"The White House through intermediaries with me have said 'don't be pushing that, we can do that after the first of the year,' " Mr. Reid said after senators' weekly caucus lunches.
"After the first of the year" means next Congress, assuming Senator Reid does not intend to hold a vote on Friday, January 2, which I very much doubt.  Chuck Grassley will begin his stint as chairman with a very important hearing.

Securing, not sealing, the border

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The Sacramento Bee has this story about President Obama's actions on immigration yesterday.  The article quotes CJLF President Michael Rushford regarding aliens who commit crimes.

The article says CJLF "advocates sealing the U.S.-Mexico border."  Um, no.  We are in favor of having a secure border so that criminals we deport can't just waltz back in.  Questions of how much and what kind of legal immigration we should allow and what kind of trade restrictions we should have are not our field, and we take no position.  We would certainly never advocate the complete cut-off implied by the word "sealing."
Whether President Obama has the authority to allow the effective nullification of our immigration statutes through executive order is an interesting subject, about which I may have more to say later.  But the immediate implication is clear: Obama, toward the end of his term and perhaps before, is going to put thousands of dangerous hard drug dealers back on the street.  He'll do this via executive clemency.

The clemency program has already been announced by DOJ, but until last night, there were realistic questions about how far it would reach.  Those questions are now answered.  There will be no effective limit whatever.

Nullification through "discretionary" non-enforcement of law is of debatable legality, but the clemency power is not.  It exists, and belongs to the President alone.

There was a glimmer of hope until last night that the President would be restrained in exercising this power, and would pay at least some heed to the idea that hard drug trafficking harms America.  That is over with.  When a President openly and aggressively sympathetic to lawbreakers is willing to use a power that may be there or may not, there is no question left about his willingness to use a power that actually is there.

We saw last night what Obama will do now that he has no political accountability left. But what we saw is only the beginning.

FedSoc Convention Videos

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Bill previously posted a link to the Criminal Law Practice Group's panel at the National Lawyer's Convention of the Federalist Society.  Another panel relevant to the topic of this blog was the Civil Rights Practice Group's panel on sexual assault on campus.  The speakers and video links for both panels follow the break.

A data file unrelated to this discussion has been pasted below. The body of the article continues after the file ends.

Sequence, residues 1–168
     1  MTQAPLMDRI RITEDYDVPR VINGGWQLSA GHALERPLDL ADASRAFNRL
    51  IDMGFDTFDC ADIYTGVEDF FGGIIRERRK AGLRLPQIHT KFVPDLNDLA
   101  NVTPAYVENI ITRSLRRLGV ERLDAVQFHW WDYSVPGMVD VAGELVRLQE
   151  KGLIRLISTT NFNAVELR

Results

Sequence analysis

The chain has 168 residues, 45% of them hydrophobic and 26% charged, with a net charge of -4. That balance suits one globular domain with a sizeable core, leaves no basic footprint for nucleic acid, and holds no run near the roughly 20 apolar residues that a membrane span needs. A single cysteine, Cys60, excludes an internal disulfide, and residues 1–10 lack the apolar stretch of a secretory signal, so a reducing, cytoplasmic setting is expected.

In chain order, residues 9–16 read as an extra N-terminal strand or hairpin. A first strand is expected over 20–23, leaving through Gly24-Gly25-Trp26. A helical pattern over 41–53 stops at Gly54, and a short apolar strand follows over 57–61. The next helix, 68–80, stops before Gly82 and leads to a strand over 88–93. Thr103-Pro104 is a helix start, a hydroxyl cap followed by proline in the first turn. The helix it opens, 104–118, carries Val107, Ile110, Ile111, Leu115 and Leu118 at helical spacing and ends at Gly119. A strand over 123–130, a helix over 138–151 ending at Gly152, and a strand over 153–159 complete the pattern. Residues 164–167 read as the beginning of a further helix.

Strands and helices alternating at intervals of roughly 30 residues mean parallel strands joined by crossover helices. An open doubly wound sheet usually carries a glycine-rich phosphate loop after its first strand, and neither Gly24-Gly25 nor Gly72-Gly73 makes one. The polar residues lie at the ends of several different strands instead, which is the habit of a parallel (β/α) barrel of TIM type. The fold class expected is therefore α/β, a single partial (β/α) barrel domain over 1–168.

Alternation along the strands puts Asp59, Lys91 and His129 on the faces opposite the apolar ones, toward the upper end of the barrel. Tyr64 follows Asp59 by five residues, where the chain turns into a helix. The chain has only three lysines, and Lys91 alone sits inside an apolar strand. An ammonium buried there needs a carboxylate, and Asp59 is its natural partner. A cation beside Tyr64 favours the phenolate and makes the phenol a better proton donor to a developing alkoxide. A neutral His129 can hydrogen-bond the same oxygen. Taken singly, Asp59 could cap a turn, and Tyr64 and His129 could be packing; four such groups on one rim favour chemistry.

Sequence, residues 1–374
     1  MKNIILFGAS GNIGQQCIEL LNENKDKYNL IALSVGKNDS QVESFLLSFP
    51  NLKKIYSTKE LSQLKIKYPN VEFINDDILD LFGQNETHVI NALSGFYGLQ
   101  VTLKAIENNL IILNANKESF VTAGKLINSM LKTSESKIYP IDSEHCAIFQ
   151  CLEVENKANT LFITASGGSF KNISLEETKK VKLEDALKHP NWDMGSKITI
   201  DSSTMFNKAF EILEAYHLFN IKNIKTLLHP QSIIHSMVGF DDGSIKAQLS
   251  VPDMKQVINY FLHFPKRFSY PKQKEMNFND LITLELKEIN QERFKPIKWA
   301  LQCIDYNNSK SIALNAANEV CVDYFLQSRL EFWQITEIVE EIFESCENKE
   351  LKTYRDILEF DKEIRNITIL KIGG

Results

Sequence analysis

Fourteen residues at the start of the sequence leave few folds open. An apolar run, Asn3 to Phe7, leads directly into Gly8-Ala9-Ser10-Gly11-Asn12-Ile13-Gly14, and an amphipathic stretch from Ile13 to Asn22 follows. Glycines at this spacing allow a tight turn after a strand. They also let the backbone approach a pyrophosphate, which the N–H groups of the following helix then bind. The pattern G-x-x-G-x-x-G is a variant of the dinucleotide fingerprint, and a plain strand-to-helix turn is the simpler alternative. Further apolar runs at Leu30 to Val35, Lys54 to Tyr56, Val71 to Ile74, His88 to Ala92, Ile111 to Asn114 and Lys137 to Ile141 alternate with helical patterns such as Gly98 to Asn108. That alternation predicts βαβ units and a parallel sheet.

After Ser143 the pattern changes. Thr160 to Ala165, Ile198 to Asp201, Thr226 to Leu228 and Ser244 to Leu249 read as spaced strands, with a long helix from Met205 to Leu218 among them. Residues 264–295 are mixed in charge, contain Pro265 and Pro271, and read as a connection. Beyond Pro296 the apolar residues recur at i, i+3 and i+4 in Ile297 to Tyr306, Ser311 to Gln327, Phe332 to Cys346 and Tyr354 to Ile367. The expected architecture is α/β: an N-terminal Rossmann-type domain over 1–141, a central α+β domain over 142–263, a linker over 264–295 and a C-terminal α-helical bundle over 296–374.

The full schedule with links to all the videos is here.

News Scan

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Vicious Killer Released from Prison: A California family is outraged after the man who violently killed their loved one was released from prison last week by a Fresno County judge.  Pablo Lopez of the Fresno Bee reports that in 1984, Theodore LeLeaux Jr. stabbed his coworker Kenneth Carlock 77 times in his apartment before cutting the man's heart out and carrying it around in his coat pocket, LeLeaux pleaded guilty to second-degree murder the following year and was sentenced to 16 years to life in prison.  Despite a denial of parole by Governor Brown, the state parole board chose to release LeLeaux after determining he was no longer a 'danger to society.'

Accused Killer on Bail Charged With New Murder: A North Carolina man who was out on bond while awaiting his upcoming murder trial has been arrested for murdering a man that was scheduled to testify against him.  WCTI News reports that 36-year-old Nashid Porter's murder trial for killing a man in 2012 was to start in January 2015.  Porter was released to await trial on house arrest, and required to wear a GPS monitoring device-a device.  Authorities say he cut the device off the night he allegedly killed his most recent victim.  Porter is currently being held in jail without bond.   

Utah Passes Death Penalty Bill: The Utah legislature has passed a bill that would allow the state to execute condemned murderers by firing squad.  The United Press International reports that states with active death penalties began running out of lethal injection drugs after European drug manufacturers restricted their use for executions.  Under the new law, Utah will still use lethal injection as its primary method of execution, however, if the drugs become unavailable a firing squad may be used.  

Alexandra Petri's column in the WaPo is advertised as "a lighter take on the news and political in(s)anity of the day."  Today, though, she offers a serious and thoughtful look at an important question.
The record is now well established that if we are going to conduct executions by lethal injection, pentobarbital is the drug of choice.  That is the drug veterinarians use for animal euthanasia every day.

The manufacturer of pentobarbital has cut off the usual supply chain for obtaining it.  As discussed in this article by James Gibson and Corinna Lain forthcoming in Georgetown Law Journal, European governments are instigators of the shortage, interfering in a domestic policy choice of the United States that is quite simply none of their damn business.

The workaround is compounding pharmacies.  However, those pharmacies have been subject to harassment that makes them unwilling to supply the needed drug.  As noted in this post in September, the anti-death-penalty movement is responsible for the problematic executions carried out with other drugs when they made pentobarbital unavailable.

The Ohio Legislature is now moving forward, in HB 663, to extend confidentiality to suppliers of execution drugs.  The bill also prohibits any disciplinary action against doctors who provide the state with consultation on how avoid pain during an execution, which has been a problem.  The legislation declares contractual restraints on resale to be "void and unenforceable as against public policy."